Support for mesh Wi-Fi

If you’re not quite ready to set up a mesh Wi-Fi whole-home internet system, it’s still a good idea to get one that’s compatible so you don’t have to upgrade again later.

High-gain antennas

If your current router has removable antennas, you can replace those with high-gain antennas. It’s a potentially cheaper alternative to replacing the whole router, depending on your situation. They typically range from $25–$100.

High-gain antennas offer a few benefits:

  • Increased broadcast range: Antenna output is measured in dBi. A higher dBi correlates to a larger broadcast area.
    • 2.5 dBi → 300 foot indoor range
    • 5 dBi → 500 foot indoor range
    • 7 dBi → 800 foot indoor range
  • Broadcast control: You can get an omnidirectional or directional antenna. Omnidirectional antennas send a signal out in all directions. Directional antennas send a signal out farther—but only in one direction. 
  • Faster speeds: You can potentially get a boost to overall data throughput for better efficiency, thus gaining speeds.

Keep in mind that high-gain antennas go bad over time and will eventually need replacing after a few years.

Did You Know…

If the above advice and information doesn’t fully improve your internet situation, consider these other issues that could be the culprit.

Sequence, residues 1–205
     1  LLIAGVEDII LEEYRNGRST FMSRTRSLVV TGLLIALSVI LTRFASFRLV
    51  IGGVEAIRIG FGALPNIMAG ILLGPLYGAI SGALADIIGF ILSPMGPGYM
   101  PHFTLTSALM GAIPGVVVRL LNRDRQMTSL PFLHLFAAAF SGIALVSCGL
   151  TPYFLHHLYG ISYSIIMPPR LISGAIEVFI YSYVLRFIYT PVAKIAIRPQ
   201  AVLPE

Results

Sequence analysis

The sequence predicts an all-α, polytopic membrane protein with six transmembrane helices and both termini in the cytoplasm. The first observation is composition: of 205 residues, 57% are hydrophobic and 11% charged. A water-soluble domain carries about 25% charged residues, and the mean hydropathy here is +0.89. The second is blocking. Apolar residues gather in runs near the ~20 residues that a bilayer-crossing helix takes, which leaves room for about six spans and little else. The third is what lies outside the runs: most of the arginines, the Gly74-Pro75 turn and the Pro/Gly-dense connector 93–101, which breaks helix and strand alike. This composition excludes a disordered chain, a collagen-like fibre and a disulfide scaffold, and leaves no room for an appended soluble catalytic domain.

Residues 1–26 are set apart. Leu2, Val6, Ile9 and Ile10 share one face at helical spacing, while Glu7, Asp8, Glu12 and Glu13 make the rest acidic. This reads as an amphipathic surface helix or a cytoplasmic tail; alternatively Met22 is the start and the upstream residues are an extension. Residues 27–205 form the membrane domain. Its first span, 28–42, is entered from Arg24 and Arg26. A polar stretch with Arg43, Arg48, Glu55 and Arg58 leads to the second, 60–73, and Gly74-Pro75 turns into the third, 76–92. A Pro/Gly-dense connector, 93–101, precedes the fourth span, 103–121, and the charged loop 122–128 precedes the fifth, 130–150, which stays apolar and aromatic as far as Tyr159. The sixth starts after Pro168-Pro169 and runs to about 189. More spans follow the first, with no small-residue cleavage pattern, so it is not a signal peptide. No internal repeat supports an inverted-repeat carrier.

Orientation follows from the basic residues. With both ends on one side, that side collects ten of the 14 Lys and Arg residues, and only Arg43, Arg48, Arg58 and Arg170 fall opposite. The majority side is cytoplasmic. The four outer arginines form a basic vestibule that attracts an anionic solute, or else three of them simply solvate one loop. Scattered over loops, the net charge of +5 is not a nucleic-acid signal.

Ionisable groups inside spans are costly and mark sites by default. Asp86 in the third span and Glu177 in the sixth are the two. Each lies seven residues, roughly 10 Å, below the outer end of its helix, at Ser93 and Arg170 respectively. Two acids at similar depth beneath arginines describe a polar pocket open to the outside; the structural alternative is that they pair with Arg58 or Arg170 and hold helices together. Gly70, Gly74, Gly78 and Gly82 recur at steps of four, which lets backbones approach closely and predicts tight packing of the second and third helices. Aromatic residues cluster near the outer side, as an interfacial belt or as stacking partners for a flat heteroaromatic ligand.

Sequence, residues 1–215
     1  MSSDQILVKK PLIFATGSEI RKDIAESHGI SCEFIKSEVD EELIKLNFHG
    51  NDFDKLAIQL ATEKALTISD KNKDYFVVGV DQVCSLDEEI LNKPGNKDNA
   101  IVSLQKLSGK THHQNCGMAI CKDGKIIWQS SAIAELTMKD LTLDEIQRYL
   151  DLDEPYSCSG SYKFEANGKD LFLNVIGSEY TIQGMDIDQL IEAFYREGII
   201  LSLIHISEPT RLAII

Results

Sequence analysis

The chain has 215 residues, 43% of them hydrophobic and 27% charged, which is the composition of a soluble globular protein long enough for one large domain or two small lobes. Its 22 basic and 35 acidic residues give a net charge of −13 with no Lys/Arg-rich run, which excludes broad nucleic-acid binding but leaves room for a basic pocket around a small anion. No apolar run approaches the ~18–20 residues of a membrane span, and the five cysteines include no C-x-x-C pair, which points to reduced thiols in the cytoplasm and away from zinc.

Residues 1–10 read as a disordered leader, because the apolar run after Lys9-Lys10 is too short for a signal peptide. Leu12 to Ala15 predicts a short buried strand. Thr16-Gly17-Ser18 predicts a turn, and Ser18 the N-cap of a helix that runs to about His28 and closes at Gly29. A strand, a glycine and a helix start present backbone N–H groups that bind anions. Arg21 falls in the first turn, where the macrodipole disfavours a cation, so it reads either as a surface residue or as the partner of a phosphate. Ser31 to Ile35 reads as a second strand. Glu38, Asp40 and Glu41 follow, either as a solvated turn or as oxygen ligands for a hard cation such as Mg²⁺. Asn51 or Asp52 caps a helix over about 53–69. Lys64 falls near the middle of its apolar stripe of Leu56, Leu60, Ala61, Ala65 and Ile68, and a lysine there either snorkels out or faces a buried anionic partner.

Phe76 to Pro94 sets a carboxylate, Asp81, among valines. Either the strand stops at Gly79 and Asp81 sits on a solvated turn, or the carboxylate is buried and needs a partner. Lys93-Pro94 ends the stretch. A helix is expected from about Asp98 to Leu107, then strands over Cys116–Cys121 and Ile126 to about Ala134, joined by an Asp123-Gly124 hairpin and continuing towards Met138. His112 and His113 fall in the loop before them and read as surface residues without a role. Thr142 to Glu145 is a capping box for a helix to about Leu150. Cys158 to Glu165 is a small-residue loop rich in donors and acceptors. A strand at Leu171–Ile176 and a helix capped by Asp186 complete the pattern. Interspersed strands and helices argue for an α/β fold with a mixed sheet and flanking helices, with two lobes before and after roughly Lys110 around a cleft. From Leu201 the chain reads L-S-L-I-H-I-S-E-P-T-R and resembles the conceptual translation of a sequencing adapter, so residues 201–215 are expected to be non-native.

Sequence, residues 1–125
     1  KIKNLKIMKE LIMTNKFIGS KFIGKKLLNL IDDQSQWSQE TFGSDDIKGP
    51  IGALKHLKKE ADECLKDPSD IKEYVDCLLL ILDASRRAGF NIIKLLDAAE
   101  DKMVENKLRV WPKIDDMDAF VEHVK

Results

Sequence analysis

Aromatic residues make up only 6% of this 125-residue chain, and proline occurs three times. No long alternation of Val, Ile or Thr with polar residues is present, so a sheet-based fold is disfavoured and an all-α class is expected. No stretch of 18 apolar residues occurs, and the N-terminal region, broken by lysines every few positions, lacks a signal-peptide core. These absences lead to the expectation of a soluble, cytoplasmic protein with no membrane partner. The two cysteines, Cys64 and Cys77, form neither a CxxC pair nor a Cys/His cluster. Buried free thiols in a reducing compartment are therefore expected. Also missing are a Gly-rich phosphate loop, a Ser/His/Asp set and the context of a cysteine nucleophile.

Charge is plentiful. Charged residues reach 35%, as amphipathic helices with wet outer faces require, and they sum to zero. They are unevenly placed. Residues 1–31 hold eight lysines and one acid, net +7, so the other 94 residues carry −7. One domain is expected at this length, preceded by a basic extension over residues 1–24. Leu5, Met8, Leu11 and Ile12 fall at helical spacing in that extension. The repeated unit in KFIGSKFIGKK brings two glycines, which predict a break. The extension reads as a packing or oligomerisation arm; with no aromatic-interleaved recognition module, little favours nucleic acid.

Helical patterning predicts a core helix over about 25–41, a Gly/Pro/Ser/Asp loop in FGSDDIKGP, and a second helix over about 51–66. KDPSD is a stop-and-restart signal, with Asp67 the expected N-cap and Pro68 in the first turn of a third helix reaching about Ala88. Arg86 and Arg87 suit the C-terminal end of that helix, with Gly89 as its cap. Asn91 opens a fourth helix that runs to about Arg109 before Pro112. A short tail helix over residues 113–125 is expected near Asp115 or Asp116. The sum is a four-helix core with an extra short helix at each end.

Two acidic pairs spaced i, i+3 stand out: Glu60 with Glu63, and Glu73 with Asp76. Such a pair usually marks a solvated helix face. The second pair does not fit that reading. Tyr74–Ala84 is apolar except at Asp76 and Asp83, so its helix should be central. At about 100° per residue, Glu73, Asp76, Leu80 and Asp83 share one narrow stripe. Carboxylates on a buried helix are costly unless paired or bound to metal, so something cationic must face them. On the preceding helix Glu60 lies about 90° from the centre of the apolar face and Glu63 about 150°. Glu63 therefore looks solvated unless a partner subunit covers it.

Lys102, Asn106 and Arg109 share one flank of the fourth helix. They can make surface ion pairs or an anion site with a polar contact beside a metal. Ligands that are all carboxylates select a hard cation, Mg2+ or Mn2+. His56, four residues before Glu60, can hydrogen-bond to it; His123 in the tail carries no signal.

Internet Node Overload

The internet is delivered to different areas via an “internet backbone” or “trunk line.” These high-capacity data lines (usually fibre optic with 100 Gbps bandwidth) branch off into smaller lines that end in nodes. Homes and offices then connect to these nodes.

The issue here is nodes can become overcrowded if there are too many connections trying to use the internet at the same time. Take this next scenario for example:

Say an ISP runs a 10Gbps (10,000Mbps) branch from the trunk line to a node in an area with 100 homes. If each home has a 100Mbps connection, then those homes could collectively use the entire bandwidth of the node (100 homes x 100Mbps = 10,000Mbps). When more homes or offices are built in the area, the chances of a node overload at any particular time increase—usually during peak hours (7pm–9pm).

If this is the case in your area, and there’s really no way to know without asking your ISP, there’s nothing you can do unless they run more or higher-capacity branches to that node.

Wireless Frequency Overload

As we mentioned before, routers can operate on either 2.4GHz or 5GHz frequency bands (and dual- and tri-band routers can do both). 

Within each of these bands, there are smaller bands called channels, and your devices send and receive data through these channels. A 2.4GHz band has 11 channels. A 5GHz band has 45 channels. Ideally, each device has its own channel, but that’s not always the case.